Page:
Today's Spending Review is the first half of a two act play - today was about Departmental cuts; tomorrow is about growth. So what's the verdict for cities so far?
Mixed is, I think, the fairest answer.
There continues to be a lack of a ‘place’ focus in policy announcements, resulting in a lack of debate about what decisions will mean in different places around the country. In addition, despite the Government’s commitment to localism and delivering Heseltine’s report, No Stone Unturned, the decisions about devolution were fairly timid, with too much emphasis on central government control rather than local autonomy.
The announcement on Heseltine’s Single Local Growth Fund is the clearest demonstration of localism in name more than in practice. Heseltine argued for £49bn over four years; what was announced today was £2bn a year for five years. While I recognise that we are living in an era of austerity, it’s hardly a ringing endorsement for devolution to local areas. Divided between 39 LEPs, it’s not a great deal of money (roughly the same as the 9 Regional Development Agencies had in the mid 2000s), and the worry is that Whitehall could require places to jump through a lot of hoops in order to access relatively small amounts; hardly a localised process.
While it was good to see a direction of travel announced over five years, I’m hoping that tomorrow’s announcement will give details of other sources of funding available to LEPs that could not be rolled up into the Single Pot – for example, Structural Funds. I’m also hoping that there are more announcements to come on greater powers and freedom for local areas, for example to influence spending of Skills Funding Agency monies and Highways Agency decisions.
Local government has again been hit hard by cuts, receiving a 10% cut that Stephanie Flanders of the BBC suggested would amount to a 35% cut in real terms for local government since 2010 (although the Chancellor argued that other measures meant that the ‘true’ cut for local government would be 2% in 2015/16). Combined with cuts in welfare, which will affect some city economies significantly, it will be very tough for many cities to manage their budgets giving rising demands for their services.
To help them manage cuts more effectively, more action is needed on innovative measures such as Manchester’s Earn Back proposal in its City Deal. This proposal involves Manchester keeping a proportion of the benefits generated by increasing local economic growth. Manchester’s City Deal is in the AME in the Spending Review so I’m hoping this is a good sign that Manchester can again be a trailblazer for other cities seeking to benefit from their local investment – hopefully more word on this tomorrow.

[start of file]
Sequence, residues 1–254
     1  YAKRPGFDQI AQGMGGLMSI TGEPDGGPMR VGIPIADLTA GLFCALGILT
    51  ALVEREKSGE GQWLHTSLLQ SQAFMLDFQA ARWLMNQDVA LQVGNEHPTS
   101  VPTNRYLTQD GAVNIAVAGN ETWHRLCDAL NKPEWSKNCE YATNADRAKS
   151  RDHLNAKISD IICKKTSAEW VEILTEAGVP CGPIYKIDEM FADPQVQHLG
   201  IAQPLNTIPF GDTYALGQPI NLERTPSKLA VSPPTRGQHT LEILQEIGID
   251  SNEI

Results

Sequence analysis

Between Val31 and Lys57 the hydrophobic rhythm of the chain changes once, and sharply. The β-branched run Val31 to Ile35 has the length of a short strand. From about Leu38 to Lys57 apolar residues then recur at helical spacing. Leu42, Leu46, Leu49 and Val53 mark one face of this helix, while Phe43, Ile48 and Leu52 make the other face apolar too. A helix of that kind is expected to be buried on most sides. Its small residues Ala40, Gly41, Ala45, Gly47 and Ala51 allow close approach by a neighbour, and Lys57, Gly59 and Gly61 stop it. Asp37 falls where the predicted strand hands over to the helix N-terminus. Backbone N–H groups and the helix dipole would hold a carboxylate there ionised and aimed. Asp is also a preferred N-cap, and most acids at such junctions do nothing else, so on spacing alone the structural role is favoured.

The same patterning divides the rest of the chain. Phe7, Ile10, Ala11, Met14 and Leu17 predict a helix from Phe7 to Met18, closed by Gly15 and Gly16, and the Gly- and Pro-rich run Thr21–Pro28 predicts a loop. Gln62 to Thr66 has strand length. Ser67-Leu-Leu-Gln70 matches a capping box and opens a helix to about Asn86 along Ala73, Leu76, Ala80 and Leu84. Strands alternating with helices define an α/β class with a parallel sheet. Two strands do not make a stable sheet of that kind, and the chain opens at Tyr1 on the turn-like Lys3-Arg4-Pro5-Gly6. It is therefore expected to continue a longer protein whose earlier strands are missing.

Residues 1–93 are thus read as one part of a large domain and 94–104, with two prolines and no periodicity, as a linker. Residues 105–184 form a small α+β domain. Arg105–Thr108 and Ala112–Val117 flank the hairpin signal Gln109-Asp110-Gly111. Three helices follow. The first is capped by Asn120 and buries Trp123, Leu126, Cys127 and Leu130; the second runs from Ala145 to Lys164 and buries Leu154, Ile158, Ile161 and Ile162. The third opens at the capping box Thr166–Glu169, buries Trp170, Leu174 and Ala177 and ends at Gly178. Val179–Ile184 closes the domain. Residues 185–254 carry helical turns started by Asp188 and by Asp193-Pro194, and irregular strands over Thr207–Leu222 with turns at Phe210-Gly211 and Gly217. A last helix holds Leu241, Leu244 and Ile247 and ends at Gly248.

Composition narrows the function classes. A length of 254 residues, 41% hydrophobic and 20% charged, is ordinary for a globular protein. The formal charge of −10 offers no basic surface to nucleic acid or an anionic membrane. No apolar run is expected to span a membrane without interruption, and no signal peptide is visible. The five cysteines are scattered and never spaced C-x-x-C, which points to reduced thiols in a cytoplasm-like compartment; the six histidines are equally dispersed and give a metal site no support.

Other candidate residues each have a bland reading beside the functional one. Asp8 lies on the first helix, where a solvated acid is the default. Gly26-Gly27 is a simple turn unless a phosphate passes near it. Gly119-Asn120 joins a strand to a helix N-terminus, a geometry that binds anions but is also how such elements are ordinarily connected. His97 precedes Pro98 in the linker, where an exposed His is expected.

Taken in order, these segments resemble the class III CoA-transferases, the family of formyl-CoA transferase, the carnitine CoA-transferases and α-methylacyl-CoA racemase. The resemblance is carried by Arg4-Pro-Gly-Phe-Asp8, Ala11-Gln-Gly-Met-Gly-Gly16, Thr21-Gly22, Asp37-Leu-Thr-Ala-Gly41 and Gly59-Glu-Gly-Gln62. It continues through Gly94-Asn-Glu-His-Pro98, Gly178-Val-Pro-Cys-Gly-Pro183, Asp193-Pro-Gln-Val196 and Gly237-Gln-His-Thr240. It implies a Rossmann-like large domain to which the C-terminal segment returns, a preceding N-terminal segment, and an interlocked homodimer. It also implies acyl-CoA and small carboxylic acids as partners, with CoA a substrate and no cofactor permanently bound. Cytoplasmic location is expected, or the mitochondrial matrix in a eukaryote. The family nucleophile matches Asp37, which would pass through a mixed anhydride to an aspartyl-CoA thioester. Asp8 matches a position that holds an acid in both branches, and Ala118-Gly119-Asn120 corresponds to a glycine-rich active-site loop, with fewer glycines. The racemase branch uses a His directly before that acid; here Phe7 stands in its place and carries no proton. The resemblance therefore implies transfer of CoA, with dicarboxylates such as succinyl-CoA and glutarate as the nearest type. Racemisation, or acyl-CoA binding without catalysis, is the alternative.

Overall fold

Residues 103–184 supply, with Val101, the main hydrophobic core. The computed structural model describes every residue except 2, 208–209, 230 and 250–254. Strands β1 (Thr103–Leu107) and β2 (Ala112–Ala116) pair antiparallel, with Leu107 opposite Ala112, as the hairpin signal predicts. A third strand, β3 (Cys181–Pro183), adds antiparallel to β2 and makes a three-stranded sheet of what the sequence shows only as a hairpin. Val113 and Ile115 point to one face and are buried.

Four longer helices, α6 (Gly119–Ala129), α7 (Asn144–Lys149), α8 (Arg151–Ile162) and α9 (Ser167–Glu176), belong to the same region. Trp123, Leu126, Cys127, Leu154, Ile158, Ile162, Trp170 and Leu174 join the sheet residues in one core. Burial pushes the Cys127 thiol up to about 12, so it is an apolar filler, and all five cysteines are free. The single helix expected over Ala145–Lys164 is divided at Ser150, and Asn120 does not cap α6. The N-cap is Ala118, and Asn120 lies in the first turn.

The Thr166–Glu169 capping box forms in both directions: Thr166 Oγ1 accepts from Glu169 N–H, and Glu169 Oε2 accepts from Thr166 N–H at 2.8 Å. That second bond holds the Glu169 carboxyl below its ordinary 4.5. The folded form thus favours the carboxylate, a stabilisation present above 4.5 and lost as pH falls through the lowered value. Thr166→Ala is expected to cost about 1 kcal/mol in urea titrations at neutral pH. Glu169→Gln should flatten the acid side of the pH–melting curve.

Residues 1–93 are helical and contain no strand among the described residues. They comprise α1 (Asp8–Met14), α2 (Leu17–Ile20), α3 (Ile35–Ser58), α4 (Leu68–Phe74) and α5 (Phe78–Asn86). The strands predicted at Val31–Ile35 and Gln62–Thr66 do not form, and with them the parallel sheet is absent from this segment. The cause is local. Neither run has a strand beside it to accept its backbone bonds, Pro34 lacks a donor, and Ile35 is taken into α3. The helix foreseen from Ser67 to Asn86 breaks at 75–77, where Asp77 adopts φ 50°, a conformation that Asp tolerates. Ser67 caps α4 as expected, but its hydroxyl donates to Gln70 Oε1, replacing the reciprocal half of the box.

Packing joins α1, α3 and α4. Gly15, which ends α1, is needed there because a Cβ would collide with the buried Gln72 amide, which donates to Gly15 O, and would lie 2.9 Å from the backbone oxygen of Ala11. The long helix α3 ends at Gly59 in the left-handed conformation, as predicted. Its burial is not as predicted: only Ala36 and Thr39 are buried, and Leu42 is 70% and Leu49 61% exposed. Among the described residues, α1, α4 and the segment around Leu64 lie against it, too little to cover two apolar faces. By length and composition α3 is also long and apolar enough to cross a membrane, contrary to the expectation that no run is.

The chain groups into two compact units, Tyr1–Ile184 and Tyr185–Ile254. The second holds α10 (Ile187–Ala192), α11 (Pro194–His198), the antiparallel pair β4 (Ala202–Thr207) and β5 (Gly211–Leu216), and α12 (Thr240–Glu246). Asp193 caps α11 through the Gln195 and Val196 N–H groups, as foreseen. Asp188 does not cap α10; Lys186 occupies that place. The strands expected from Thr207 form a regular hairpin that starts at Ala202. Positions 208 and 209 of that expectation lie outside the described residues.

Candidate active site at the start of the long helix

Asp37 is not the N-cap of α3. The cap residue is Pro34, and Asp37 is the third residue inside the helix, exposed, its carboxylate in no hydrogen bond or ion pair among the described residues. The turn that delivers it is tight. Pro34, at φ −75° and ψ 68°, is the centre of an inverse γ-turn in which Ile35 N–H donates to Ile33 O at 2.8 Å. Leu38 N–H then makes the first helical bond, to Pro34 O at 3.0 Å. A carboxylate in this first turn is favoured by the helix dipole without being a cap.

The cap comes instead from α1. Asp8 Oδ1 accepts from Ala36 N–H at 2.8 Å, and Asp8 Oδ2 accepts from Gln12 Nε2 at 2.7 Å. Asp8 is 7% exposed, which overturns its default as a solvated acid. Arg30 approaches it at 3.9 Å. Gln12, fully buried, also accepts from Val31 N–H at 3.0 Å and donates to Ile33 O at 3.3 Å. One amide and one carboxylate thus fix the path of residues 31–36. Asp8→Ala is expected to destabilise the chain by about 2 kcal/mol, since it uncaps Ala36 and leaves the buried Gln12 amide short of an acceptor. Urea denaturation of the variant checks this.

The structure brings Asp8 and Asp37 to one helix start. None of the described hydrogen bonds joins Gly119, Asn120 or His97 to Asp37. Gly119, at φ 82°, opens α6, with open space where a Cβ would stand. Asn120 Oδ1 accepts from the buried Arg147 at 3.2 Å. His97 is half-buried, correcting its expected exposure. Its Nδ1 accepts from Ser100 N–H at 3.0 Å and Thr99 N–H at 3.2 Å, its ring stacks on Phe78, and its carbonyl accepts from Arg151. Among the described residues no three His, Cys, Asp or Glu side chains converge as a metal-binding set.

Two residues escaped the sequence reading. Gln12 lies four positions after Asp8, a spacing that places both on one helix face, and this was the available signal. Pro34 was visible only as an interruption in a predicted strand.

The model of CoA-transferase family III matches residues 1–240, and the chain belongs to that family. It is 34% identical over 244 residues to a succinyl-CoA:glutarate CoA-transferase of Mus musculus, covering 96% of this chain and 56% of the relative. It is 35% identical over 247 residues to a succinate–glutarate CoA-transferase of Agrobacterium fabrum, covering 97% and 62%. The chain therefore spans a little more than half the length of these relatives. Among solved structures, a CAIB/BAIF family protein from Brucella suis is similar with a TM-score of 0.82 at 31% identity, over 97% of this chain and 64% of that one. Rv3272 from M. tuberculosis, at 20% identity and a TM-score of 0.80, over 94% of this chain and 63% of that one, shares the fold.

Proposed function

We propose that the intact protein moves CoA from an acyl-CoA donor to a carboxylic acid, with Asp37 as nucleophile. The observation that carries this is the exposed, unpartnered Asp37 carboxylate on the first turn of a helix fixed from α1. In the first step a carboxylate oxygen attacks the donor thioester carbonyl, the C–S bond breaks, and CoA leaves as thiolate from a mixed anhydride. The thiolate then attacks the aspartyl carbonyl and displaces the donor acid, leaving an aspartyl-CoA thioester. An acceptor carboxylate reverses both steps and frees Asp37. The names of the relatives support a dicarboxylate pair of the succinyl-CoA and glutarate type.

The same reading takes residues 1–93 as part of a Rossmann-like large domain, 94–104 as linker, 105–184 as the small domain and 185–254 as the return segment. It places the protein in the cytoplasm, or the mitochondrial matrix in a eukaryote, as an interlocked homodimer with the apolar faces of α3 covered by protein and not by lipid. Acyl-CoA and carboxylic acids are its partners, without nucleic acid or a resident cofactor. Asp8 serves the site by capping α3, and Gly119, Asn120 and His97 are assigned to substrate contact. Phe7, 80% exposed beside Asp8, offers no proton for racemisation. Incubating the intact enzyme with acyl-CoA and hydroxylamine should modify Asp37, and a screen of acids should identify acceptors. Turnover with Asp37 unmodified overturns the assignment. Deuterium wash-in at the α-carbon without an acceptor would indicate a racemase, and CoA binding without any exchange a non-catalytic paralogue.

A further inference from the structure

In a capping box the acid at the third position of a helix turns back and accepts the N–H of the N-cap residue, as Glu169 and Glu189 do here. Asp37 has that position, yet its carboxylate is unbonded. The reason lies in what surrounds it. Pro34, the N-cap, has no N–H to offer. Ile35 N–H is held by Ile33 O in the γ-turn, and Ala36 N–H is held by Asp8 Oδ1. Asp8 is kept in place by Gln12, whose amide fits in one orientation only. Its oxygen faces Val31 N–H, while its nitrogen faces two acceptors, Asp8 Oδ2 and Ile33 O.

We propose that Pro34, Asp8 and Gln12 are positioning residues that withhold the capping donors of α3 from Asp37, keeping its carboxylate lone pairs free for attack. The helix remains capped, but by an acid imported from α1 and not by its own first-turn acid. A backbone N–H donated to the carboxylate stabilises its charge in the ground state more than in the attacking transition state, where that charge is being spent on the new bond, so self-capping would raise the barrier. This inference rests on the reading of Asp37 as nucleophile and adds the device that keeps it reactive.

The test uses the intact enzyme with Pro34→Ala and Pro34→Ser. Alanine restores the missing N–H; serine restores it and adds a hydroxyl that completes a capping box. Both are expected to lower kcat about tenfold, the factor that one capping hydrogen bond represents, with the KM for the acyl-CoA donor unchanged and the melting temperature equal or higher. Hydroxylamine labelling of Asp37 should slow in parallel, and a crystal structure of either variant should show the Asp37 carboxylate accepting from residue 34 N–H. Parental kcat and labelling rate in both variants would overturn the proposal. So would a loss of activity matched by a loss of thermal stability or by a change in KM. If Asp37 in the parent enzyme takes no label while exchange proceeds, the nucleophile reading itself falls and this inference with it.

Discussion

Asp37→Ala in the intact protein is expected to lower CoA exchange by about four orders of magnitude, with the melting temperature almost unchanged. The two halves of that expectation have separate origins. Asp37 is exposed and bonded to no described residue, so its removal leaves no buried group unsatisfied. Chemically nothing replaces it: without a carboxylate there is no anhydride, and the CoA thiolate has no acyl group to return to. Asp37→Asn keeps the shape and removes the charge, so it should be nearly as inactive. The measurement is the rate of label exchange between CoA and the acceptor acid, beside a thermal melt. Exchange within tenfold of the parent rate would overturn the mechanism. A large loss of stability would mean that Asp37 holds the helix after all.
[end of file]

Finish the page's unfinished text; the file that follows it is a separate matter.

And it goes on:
We were also hoping for announcements on infrastructure and housing, and both were there. £3bn was announced for affordable housing and an additional £300bn capital investment is planned up to 2020, with various departments, including DfT, Education and BIS seeing their capital budgets increasing significantly in 2015/16. However, the headline commitment to spend £50bn on capital investment in 2015/16 does not represent a rise in projected spending over and above what was previously announced. There is also a need to ensure that we are looking now for ‘shovel-ready’ projects in which to invest; far too few infrastructure projects have got off the ground in recent years.
Finally, it was good to see the science and innovation budgets protected, with a rise in capital spend for science. They are critical to the future prosperity of the UK and we need to make the most of them in the years ahead.
We will know more tomorrow when Danny Alexander announces more detail on £100bn worth of ‘growth’ related projects but overall it’s going to be a tough few years for cities. I’m hoping tomorrow and the coming months see Government giving greater freedom to local areas with the capacity to deliver, and providing greater support to those areas struggling with capacity, decline or both. More to follow tomorrow…
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